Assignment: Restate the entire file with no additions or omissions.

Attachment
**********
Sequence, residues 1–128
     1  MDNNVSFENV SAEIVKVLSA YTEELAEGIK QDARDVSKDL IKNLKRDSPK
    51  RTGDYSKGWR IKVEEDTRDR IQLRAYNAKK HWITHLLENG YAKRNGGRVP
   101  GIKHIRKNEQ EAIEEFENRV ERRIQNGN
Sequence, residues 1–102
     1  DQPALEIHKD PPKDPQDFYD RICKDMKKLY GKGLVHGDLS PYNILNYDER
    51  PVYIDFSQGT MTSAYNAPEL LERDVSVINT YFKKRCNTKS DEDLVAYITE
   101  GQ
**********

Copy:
Sequence, residues 1–128
     1  MDNNVSFENV SAEIVKVLSA YTEELAEGIK QDARDVSKDL IKNLKRDSPK
    51  RTGDYSKGWR IKVEEDTRDR IQLRAYNAKK HWITHLLENG YAKRNGGRVP
   101  GIKHIRKNEQ EAIEEFENRV ERRIQNGN
Sequence, residues 1–102
     1  DQPALEIHKD PPKDPQDFYD RICKDMKKLY GKGLVHGDLS PYNILNYDER
    51  PVYIDFSQGT MTSAYNAPEL LERDVSVINT YFKKRCNTKS DEDLVAYITE
   101  GQ